Real Estate And Retirement Visas: An Expat’s Guide To Brazil

aerial view of fortaleza

“Why do you talk about Brazil… isn’t it a mess?” a reader wrote in last week.

On a generic claim like this, I can’t disagree.

If you look at Brazil as a whole, the picture isn’t great right now.

But, here at Overseas Property Alert, we take a long-term view. Often a “mess” in an otherwise attractive part of the world means opportunity.

Plus, we like to dig deep. In most cases, even within depressed countries, there are areas that continue to progress.

And that’s exactly what we’re seeing on Brazil’s northeast coast right now.

I’ll come back to this little pocket of opportunity in a moment.

But first, what’s happening in Brazil? And what’s it like for those actually on the ground?

For the next few minutes, please lend your ear to full-time expat in Brazil, John Clites…

I first visited Brazil in 1993 with some Brazilians I’d met in the United States. This was only eight years after the end of the dictatorship. The economy was, to put it bluntly, a mess. Inflation was running 30% per month. I had read about hyperinflation, of course, but never actually seen it. I walked to the beach with 30,000 cruzeiros in my pocket—surely a small fortune, I thought—and spent 17,000 of it for a Popsicle. When I decided to rent a car to explore the area, the vendor had to divide the charge onto two charge slips—one wouldn’t accommodate all of the zeros. People offered to buy my dollars for well above the official exchange rate, wanting desperately to hold a hard currency that wouldn’t erode daily.

Despite the economic woes, I fell in love with Brazil. The weather was sunny and breezy, and the white-sand beaches seemed to stretch forever. Food was fresh and unprocessed, most of it grown locally. Coconuts were harvested from trees right there on the city beach. There was, for lack of a better word, a naturalness to Brazil which seemed missing in the United States.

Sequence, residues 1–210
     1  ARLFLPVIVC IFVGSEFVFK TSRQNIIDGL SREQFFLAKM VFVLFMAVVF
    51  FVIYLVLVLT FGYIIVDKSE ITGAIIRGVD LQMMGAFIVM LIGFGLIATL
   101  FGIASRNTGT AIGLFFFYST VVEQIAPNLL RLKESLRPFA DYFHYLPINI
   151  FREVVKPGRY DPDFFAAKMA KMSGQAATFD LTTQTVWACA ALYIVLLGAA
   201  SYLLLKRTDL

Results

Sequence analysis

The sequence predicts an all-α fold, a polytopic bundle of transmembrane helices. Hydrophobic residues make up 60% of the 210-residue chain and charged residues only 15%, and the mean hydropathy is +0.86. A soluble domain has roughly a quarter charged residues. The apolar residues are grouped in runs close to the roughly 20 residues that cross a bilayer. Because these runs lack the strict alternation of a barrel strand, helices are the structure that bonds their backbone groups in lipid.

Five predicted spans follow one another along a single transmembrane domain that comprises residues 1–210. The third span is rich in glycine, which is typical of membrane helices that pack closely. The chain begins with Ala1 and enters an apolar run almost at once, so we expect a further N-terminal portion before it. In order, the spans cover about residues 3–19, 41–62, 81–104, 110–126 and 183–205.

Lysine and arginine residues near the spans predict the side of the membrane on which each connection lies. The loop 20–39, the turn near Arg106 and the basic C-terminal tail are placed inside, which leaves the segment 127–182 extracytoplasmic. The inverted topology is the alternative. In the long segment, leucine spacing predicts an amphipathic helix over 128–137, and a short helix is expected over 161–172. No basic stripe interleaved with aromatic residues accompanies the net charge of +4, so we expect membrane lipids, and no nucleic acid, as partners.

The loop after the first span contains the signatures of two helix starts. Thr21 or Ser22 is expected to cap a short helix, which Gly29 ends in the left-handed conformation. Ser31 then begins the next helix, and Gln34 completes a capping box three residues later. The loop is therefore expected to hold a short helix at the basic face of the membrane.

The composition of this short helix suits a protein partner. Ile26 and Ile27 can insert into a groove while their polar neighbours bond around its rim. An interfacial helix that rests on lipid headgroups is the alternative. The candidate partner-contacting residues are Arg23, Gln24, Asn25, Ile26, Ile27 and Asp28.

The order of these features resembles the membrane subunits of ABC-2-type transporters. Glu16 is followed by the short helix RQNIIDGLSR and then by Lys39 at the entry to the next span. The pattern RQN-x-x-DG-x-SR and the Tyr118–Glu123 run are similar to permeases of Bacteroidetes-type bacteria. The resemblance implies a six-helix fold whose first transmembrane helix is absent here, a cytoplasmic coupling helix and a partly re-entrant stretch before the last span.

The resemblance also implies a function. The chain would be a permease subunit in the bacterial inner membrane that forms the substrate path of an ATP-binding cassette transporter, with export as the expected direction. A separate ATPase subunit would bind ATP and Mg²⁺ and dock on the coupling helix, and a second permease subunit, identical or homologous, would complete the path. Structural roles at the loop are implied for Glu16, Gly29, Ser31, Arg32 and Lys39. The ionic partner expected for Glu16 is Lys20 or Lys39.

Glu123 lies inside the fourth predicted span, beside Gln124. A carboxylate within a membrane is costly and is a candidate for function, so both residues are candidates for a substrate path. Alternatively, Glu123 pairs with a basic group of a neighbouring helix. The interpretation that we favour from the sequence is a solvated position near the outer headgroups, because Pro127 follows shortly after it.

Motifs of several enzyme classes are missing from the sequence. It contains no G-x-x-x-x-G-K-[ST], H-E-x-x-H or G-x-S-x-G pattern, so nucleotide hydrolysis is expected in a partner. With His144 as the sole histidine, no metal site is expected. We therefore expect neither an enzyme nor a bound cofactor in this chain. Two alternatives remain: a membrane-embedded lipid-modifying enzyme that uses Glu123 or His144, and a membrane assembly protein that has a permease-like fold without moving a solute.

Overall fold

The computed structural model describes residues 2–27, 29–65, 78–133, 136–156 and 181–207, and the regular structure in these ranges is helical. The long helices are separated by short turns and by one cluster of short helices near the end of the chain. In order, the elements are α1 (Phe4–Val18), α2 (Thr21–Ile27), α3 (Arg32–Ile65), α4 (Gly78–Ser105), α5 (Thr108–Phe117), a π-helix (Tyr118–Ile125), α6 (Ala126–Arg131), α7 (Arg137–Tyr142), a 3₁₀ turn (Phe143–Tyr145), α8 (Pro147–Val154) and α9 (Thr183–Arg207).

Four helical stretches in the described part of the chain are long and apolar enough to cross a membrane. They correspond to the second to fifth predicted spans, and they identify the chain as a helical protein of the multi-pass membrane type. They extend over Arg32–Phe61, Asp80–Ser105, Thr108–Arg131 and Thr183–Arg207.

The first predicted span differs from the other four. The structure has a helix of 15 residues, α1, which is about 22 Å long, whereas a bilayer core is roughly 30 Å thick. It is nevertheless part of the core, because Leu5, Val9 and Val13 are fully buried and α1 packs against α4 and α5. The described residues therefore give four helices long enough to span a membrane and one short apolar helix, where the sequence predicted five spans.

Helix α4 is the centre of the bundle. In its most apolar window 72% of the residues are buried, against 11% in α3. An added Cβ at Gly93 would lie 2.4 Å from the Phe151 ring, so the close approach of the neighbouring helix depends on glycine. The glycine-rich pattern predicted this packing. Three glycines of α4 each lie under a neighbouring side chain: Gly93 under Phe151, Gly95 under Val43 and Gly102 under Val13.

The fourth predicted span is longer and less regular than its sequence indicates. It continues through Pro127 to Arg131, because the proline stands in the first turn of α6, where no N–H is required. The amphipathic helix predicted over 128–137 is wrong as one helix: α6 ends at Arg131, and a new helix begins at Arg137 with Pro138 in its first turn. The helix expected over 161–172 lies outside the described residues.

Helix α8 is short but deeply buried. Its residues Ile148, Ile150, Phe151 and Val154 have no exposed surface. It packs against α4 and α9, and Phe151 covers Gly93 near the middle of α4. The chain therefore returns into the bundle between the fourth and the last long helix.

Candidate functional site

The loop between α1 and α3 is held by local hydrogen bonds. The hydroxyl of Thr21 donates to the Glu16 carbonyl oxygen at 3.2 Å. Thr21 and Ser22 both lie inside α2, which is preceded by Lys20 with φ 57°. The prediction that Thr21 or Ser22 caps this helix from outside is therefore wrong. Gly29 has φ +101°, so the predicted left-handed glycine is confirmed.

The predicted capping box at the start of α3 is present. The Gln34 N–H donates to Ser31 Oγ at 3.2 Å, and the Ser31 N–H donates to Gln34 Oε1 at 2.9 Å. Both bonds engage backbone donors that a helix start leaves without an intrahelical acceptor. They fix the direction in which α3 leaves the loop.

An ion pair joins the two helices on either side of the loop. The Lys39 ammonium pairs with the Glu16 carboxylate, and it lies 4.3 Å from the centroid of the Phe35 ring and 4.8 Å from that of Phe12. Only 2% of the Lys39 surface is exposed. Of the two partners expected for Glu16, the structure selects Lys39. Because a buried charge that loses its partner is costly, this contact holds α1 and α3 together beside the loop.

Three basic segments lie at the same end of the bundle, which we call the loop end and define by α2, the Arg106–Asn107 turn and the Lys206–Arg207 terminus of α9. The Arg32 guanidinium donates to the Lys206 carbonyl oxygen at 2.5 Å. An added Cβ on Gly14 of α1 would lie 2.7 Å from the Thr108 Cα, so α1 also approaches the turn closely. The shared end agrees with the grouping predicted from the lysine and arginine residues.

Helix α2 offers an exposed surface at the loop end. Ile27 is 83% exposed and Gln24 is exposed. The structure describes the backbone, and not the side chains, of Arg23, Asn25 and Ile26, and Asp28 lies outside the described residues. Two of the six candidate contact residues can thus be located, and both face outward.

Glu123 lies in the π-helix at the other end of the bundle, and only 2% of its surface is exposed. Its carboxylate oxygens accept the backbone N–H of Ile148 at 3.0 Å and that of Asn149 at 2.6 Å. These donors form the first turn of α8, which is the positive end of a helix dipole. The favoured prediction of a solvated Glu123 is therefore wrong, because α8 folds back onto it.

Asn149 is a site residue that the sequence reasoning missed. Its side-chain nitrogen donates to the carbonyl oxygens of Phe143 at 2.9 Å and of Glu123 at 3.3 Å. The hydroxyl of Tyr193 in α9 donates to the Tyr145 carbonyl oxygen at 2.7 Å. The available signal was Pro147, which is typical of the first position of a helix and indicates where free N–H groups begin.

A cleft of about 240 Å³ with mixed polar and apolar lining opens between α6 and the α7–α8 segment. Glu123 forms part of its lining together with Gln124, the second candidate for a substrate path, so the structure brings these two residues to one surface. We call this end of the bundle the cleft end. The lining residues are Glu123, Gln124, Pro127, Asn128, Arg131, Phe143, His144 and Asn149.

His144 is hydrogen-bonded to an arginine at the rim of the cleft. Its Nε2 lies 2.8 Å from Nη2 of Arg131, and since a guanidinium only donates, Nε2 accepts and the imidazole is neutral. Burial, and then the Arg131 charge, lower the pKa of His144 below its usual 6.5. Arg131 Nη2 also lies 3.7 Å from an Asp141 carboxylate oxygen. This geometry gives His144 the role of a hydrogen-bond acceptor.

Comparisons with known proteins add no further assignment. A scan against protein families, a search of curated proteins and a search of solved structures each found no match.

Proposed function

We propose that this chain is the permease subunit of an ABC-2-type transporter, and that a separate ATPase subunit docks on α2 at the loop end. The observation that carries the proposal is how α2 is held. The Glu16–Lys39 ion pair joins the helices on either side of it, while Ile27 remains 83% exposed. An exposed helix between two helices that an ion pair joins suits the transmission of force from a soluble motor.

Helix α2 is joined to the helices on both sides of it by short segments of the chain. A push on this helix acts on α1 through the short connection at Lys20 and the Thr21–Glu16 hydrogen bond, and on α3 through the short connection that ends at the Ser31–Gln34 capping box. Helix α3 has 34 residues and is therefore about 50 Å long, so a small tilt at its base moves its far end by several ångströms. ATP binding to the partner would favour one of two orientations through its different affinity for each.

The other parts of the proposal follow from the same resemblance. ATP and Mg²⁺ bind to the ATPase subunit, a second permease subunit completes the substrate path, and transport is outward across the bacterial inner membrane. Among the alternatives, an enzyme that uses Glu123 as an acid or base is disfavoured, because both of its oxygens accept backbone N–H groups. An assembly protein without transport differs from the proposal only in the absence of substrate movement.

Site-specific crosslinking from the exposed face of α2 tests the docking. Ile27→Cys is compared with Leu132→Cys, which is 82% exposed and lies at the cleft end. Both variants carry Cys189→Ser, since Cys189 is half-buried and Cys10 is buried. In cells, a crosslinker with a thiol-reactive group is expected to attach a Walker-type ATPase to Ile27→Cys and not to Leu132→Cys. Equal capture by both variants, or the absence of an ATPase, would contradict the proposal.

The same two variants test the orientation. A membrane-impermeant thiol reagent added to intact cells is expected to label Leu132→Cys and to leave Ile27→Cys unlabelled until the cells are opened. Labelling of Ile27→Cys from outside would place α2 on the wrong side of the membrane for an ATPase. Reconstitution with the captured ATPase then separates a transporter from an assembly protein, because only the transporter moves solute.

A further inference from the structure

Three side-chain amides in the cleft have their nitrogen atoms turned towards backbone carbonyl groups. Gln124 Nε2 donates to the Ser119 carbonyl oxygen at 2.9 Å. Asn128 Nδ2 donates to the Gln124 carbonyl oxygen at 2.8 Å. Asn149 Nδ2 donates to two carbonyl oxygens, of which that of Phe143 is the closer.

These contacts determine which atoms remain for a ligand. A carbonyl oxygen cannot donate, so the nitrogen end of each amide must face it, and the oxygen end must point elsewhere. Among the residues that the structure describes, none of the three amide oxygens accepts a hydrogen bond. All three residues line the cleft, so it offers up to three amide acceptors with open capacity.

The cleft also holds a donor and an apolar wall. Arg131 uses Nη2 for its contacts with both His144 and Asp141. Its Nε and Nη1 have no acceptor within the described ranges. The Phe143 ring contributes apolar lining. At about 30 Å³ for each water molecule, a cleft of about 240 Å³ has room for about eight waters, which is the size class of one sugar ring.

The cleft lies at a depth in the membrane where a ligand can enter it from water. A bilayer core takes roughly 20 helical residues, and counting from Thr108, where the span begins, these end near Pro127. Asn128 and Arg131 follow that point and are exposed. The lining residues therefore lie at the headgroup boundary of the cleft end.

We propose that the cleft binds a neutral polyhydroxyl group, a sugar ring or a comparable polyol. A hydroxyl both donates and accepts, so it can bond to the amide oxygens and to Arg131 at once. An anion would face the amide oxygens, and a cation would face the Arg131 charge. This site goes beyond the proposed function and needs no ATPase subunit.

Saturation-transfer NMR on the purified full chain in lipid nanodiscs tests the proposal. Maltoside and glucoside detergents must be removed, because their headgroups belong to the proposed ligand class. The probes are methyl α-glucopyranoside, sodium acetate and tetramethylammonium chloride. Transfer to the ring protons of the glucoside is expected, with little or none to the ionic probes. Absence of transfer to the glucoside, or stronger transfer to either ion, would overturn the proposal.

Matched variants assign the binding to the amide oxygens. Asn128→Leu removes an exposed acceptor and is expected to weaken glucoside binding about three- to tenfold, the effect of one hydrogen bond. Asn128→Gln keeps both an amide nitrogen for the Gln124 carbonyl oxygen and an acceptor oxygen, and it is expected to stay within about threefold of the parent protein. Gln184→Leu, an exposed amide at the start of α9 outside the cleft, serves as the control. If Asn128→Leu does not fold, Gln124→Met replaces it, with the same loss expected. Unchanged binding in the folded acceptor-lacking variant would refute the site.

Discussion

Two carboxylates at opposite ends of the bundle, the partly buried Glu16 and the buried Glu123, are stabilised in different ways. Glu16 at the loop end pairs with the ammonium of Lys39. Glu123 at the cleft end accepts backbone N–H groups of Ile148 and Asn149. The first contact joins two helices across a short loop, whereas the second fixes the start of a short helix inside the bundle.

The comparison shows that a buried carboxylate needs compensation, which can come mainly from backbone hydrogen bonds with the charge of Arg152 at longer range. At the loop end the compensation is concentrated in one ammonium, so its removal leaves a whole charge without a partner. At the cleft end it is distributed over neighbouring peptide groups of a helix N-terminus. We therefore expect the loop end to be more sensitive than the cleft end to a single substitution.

People maintained positive attitudes in spite of the difficulties they faced. This, I would discover as I spent more time here, is a Brazilian trait. The men whistled as they walked to work, and the women sang softly as they swept the sidewalk before their homes. They put things in perspective and keep going.

Even personal relationships seemed warmer, and perhaps more important than back in the States, where we tend to become self-absorbed as we hustle headlong through our days. I loved how the young girls walked to school hand-in-hand. There was much more interaction between generations. Young women escorted their elderly grandmothers on afternoon walks—something that, regrettably, we just don’t see much anymore in the States.

And at the end of the day, despite the crisis, there was always enough time and money to meet friends down at the neighborhood bar for a coffee or a beer. And instead of each person sipping from his own bottle, beer was poured from a large shared bottle into each person’s cup, a wonderful custom, which I still love to this day.

Brazil Today—What It Offers The Investor And Expat

Brazilians often wryly joke that “Brazil is the country of the future… but the future never arrives.”

It appeared to many that the future had finally arrived under President Inácio Lula da Silva—although some of us could see that the economic boom during his mandate was merely a house of cards built on easy credit and transfer payments, which inevitably collapsed.

Now, with Lula’s PT party out and the conservative Jair Bolsonaro installed as president, Brazil’s economy seems to be on the mend. So, again, we are tempted to ask, “Has the future finally arrived for Brazil?”

There is reason to be optimistic.

First, there is Brazil’s sheer size. Brazil is half of South America, whether measured in population (more than 200 million), area, or economy. It would be a colossal mistake to simply ignore half a continent. Brazil still possesses the world’s ninth-largest economy. And, while the current economic numbers certainly aren’t good, I can tell you as someone who resides here that things are continuing along day to day without much turmoil.

Brazil is resource rich in a world which is increasingly resource poor. Brazil has lots of open land, much of it arable. It has enormous supplies of water. That may not sound impressive, but many countries are struggling just to satisfy their water needs.